How to Make Hybrid Infinite Scroll Methods Search Engine Friendly
Infinite scroll is widely used to deliver information on demand to users. It is used by Twitter, Facebook, Pinterest, News Sites and News aggregators.
It allows users to scroll down more or less continuously and have new information added to the bottom of the page on demand.
Google has issued a Webmaster Blog highlighting access problems for bots and crawlers and potential ranking penalties. Fixes to these search engine crawling problem are provided.
This article discusses infinite scroll, its pros and cons, alternatives, and how to make infinite scroll user friendly using hybrid pagination/scrolling methods.
Infinite Scrolling - The Old Way, and the New Hybrid Way
What is Infinite Scrolling?
Many users like it because they don't have to open endless sets of page. It is convenient on small mobile screens which are harder to use for multiple pages.
The other advantage for users and website owners is there is less delay for the page or pages to preload.
The user enjoys a truly responsive experience, whatever device they’re using. However, there are many disadvantages which are discussed below.
Pros of Infinite Scrolling
►Faster browsing - Clicking from page-to-page is a very time-consuming process. Infinite scrolling can be very efficient, when users understand it.
► It can deliver Dynamic Aggregated Information which is gathered on demand
Made for touch on smart phones and tablets. It is easier to navigate this way than using buttons and tiny links to the next page.
► Potentially, it means users see more content. Research has shown that users are very reluctant to even go to the second page. For the Google SERPS, only about 6% or users advance to the second page. With infinite scrolling users may get to the equivalent of the third or fourth page without realising it.
► Google using infinite (or very long) scrolling for image search results, but there is a limit and button to request more results. But Google has yet to implement infinite scrolling for its general results.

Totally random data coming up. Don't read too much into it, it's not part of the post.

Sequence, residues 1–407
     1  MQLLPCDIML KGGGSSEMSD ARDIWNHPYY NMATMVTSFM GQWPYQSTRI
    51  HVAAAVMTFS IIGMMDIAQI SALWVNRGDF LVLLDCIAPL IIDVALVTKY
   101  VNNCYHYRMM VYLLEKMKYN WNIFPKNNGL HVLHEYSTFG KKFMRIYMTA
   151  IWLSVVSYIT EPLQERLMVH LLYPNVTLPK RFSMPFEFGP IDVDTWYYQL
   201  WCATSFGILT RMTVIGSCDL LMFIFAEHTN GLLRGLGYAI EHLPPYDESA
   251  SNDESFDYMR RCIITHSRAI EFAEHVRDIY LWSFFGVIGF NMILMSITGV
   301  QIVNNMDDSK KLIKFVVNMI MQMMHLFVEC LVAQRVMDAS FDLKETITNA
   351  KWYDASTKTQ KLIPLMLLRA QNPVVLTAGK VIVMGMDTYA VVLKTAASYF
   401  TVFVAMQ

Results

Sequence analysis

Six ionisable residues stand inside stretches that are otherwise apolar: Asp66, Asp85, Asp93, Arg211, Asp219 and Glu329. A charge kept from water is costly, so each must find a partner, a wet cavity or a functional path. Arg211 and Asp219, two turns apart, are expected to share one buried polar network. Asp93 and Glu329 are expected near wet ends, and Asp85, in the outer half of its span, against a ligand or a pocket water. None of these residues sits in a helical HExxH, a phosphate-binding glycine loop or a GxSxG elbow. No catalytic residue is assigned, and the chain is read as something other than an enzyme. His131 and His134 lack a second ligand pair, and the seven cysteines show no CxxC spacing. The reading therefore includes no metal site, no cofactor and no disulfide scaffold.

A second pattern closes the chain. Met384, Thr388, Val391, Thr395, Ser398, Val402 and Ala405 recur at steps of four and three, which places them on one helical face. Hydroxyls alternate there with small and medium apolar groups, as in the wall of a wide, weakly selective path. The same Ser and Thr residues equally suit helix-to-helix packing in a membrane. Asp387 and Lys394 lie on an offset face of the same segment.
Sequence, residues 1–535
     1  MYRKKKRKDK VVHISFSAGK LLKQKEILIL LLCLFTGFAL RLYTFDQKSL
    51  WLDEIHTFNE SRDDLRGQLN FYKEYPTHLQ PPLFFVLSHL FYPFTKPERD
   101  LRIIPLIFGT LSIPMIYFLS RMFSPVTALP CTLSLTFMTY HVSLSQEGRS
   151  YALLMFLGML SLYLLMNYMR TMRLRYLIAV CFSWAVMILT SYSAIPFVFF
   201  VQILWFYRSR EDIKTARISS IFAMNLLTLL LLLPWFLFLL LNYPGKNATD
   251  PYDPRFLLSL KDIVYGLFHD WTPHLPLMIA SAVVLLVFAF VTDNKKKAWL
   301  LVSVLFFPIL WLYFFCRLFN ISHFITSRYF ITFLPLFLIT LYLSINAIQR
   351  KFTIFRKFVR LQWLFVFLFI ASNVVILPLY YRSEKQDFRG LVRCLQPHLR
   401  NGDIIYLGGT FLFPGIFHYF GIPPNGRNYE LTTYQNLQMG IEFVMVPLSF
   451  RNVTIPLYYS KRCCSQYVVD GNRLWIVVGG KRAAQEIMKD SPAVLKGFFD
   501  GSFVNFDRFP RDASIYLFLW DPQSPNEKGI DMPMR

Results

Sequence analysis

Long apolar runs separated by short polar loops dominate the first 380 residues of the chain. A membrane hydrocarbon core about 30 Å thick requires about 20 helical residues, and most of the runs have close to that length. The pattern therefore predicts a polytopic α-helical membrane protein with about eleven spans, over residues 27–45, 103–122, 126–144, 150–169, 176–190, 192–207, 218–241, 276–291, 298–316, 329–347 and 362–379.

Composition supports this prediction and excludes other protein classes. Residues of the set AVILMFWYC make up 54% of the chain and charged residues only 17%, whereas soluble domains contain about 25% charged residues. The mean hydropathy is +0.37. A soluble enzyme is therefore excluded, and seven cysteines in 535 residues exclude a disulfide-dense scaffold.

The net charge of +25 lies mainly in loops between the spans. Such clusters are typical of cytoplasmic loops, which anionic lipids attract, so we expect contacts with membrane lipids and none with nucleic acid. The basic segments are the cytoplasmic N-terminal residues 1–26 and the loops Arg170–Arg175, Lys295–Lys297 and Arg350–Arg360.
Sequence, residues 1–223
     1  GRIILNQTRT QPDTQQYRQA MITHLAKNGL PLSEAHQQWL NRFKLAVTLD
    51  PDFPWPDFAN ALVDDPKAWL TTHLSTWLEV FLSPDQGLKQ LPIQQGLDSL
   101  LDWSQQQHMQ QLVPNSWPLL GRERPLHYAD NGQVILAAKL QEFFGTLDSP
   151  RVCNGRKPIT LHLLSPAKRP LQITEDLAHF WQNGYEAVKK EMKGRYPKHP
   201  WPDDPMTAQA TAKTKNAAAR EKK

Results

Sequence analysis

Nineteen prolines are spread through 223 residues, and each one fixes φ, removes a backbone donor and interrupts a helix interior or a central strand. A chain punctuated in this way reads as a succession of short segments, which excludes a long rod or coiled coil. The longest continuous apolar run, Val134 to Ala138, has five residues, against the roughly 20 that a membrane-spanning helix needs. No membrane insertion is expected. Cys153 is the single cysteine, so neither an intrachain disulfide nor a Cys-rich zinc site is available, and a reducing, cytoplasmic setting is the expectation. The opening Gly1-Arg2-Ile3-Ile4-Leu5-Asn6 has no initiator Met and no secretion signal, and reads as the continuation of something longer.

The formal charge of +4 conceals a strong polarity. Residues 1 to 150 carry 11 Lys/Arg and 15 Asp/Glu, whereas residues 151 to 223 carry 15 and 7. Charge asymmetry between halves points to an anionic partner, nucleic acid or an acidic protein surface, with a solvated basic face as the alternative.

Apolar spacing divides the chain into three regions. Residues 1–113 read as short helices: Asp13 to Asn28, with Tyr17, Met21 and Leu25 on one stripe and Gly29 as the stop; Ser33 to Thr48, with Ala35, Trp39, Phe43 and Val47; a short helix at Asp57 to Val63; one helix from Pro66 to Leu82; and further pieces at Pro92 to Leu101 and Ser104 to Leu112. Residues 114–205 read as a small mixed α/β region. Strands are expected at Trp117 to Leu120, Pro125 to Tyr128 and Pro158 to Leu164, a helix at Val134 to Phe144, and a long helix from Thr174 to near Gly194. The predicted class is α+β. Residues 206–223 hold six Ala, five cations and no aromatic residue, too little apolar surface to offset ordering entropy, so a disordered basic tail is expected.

► Some implementations work better than other. The one is by Twitter works well. Many of the news site version are rather 'clunky'.
Cons of Infinite Scrolling
► Navigation complexities - Users can lose track of where they are in a list. They may find it very hard to go back to something they were previously interested in. Often the new material 'pops' into view and a user can lose track of where they are up to as the position changes.
► SEO and Ranking Issues - The googlebot and other search engine bots get confused by the seemingly endless pages and may time-out and move on. Similarly the layout of the site may mean that the same information can be presented on multiple pages, or overlapping content, causing duplication issues.
► The Lack of an Endpoint may be detrimental for some users. Research has shown that reaching an end point created a sense of control and an endpoint. This may mean that users get confused and find it harder to make selections. If you like, the shopping 'aisle' or items on the list are a 'million miles long'. Leaving early by making a choice may create the sense that the user may be missing out on a gem or bargain just below the bottom of the page. This can create confusion and lead to poorer engagement of responses from the user.
► 'Pogosticking' - Infinite scrolling often causes users to lose their place on the list of information. Users also tend to jump down, as each new slab of information appears on the page. Pogosticking backwards does not work. Often clicking the back button takes you back to the start at the top of the page.
► Distractions Causing loss of Clicks and Reduced Engagement - There is some evidence that infinite scrolling lead to fewer clicks and shorter engagement times.
► Footers and Other Information at the bottom of the page may be Unreachable
The Opposite Side of the Coin - Excessive Pagination
Many site have gone the opposite way breaking the content down into very small packages usually with an image, a link and a few sentences of text. This is extremely annoying for users. the strategy appears to be directed at maximizing the impressions for ad revenue. the Googlebot may be unlikely to index or rank these subpages, and there may be site penalties caused by duplication of the rest of the page surrounding the snippet.
What is the Solution?
This means that the compiled information it is seamlessly delivered to the user from the first page as the user scrolls down. (see the images).
The list of page links at the bottom is updated and shows where the user is up to in progressing through the page. See Google's Demonstration here.
A user can note, which page they are interested in, and can later go straight to that page.
Google recommended that site owners convert the infinite scroll page to paginated series by using the HTML5 History API
This avoids overlap and risks of apparent duplication.
Problems with the Hybrid Approach
However, this solution only works if the page contents are static. It will not work for pages that deliver content dynamically, rather than from static pages. This dynamic content may be refreshed daily or hourly and can be derived from a number of external sources such as news feeds and RSS.
© 2014 Dr. John Anderson